The federal government recently awarded the state the first installment of $45.8 million in grants for the project, which is being called "The Doorway-NH." The system involves a hub-and-spoke model in which hospitals and others work with local providers to ensure that help is less than an hour away anywhere in the state.

Annie Ropeik photos

New Hampshire Public Radio covered hundreds of stories in 2018. Some features captured how Granite Staters live and work. The opioid addiction crisis continued to make headlines - and claim lives. And political currents ran strong.

Brian Wallstin/NHPR

A federal jury on Tuesday found a former physician assistant guilty of participating in a kickback scheme involving fentanyl.

Christopher Clough of Dover was convicted of overprescribing the painkiller to patients in exchange for receiving compensation from the drug’s manufacturer.

joycecraig.org

As New Hampshire rolls out its new statewide addiction care system, leaders in Manchester continues their effort toward combating the opioid crisis in the Southern part of the state.

Morning Edition Host Rick Ganley spoke with Manchester Mayor Joyce Craig on how the Queen City is working to find new ways to address the epidemic.

Craig attended the Mayors Institute on Opioids City Team Cohort Meeting in Nashville this week, where she met with other city leaders.

(Editor's note: this transcript has been edited lightly for clarity.)

Sarah Gibson / New Hampshire Public Radio

New Hampshire continues to rank among the hardest-hit states in the opioid crisis. Gov. Chris Sununu and state health officials are now investing heavily in a new system they say will significantly improve care for those struggling with addiction. This so-called "hub and spoke" plan kicks off at the start of the new year. Now, with that launch date just weeks away, NHPR’s Britta Greene and Sarah Gibson having been reporting on how the effort is taking shape. 

Centers for Disease Control

Drug overdose rates rose across the country rose in 2017, but New Hampshire seems to have bucked the trend, according to new data from the Centers for Disease Control.

The number of drug-related fatalities in New Hampshire stayed relatively stable last year as the crisis worsened in other areas.

File photo

Police are investigating the death of a woman last weekend in a Manchester jail. 

 

Deatrah Reilly, 32, was found dead in her jail cell on Saturday after an apparent suicide.

Her mother, Lorri Moore, says Reilly struggled with drug addiction and depression.

She was arrested on outstanding warrants, including for drug possession. 

 

"She was in Valley Street Jail," says Moore. "Everyone told me leave her there - it will help her, it will save her life."

Emergency departments in Claremont and Manchester are testing out a new approach to addiction treatment for opioid users, collaborating on a federally funded study with Bellevue Hospital in New York City.

In most hospitals across the country, patients presenting with complications from drug use, or having overdosed, are treated for their immediate concerns but referred elsewhere for help with their addiction.

Increasingly, physicians say this is not the most effective approach.

UNH's nurse practitioner programs will now include training in medication-assisted treatments for addiction.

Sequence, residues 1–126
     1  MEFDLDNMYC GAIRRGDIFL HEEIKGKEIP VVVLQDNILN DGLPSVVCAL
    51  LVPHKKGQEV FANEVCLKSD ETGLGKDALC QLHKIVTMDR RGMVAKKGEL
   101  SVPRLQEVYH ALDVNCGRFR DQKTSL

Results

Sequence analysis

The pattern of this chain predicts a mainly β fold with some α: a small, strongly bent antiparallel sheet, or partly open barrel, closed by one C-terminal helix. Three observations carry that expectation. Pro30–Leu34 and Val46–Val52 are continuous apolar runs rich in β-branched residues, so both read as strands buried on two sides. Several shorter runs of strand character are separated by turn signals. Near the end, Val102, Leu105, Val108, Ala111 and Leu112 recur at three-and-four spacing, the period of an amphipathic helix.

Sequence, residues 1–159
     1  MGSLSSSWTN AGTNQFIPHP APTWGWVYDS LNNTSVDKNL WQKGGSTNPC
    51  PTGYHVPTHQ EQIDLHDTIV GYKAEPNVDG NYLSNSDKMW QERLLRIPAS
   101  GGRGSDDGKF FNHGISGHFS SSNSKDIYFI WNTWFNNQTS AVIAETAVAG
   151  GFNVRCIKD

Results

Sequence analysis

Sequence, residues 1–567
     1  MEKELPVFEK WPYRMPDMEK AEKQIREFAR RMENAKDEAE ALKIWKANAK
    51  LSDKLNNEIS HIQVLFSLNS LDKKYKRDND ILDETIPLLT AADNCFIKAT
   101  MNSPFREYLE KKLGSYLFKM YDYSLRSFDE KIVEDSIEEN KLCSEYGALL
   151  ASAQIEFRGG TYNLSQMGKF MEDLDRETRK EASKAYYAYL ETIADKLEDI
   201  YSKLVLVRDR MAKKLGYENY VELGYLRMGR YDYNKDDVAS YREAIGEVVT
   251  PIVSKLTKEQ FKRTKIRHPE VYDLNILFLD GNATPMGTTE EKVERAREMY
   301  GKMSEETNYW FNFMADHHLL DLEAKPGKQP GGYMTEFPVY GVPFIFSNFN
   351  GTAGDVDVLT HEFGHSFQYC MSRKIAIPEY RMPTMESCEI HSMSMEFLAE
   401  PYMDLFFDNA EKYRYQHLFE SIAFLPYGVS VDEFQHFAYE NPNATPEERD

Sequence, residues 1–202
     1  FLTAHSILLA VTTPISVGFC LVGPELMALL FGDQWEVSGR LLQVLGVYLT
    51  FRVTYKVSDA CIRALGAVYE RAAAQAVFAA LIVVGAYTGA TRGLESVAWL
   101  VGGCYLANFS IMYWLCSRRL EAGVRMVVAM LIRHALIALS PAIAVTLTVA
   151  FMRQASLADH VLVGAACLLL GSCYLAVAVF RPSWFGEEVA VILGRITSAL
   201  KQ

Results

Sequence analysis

Nurse practitioners, like doctors, can write prescriptions and can serve as a patient's primary care provider. Thanks to a new $450,000 federal grant, nurse practitioner students at UNH will now be trained in how to use medication to treat addiction.

Gene Harkless is the chair of the UNH department of nursing. She says the new program will increase the amount of addiction treatment available in the state as communities continue to grapple with the opioid epidemic.

Britta Greene / New Hampshire Public Radio

The Executive Council on Wednesday approved contracts for new addiction hubs across the state, sending millions of dollars in federal funds to local hospitals to build out resources for those struggling with substance use.

Congressional 1st District candidates Eddie Edwards and Chris Pappas met last night at a debate in Manchester hosted by WMUR-TV

Despite toeing their party lines, the two candidates both said they were ready to work across the aisle and bring New Hampshire ideals to a broken system in Washington.

Some highlights of the debate include:

FILE

New Hampshire has a shortage of people volunteering as court appointed special advocates. These volunteers help abused and neglected children through the court processes.  

In 2015, the agency was able to accept 90 percent of family court cases. This past year, it was just able to accept 65 percent.

Manchester Fire Department

Representatives with a number of different federal agencies tasked with responding to the opioid crisis were in Nashua Thursday for a conference on the city’s Safe Station program.

The event, co-sponsored by Nashua-based Harbor Homes and the federal Health Resources and Services Administration, aimed to share results and best practices of the Safe Station model.

Several hundred people were in attendance.   

FILE

Federal prosecutors in Hillsborough County have begun to toughen penalties for fentanyl traffickers as part of a nationwide program called  "Operation Synthetic Opioid Surge."

Attorney General Jeff Sessions announced the Surge pilot program during a stop in Concord this summer.

Weekly N.H. News Roundup: October 19, 2018

Oct 18, 2018

With just over two weeks to go to before midterm elections, we look at how the candidates in top New Hampshire races are seeking to stand out - including who's got cash on hand, endorsements from out-of-state politicians, and performances in polls, debates, and forums.  Family Medical Leave and social security come to the fore as pivotal issues in the Granite State. And the nine health care providers receiving federal funds are identified; they will help coordinate drug abuse treatment and recovery programs in the state's recently revealed hub-and-spoke program to battle opioid abuse.

josh rogers / nhpr

Hospitals will operate seven of the nine hubs at the center of the Sununu administration's newly designed approach to treating substance abuse. But despite the promise of millions of dollars in aid, no hospitals in Manchester or Nashua chose to participate in the program.

Pages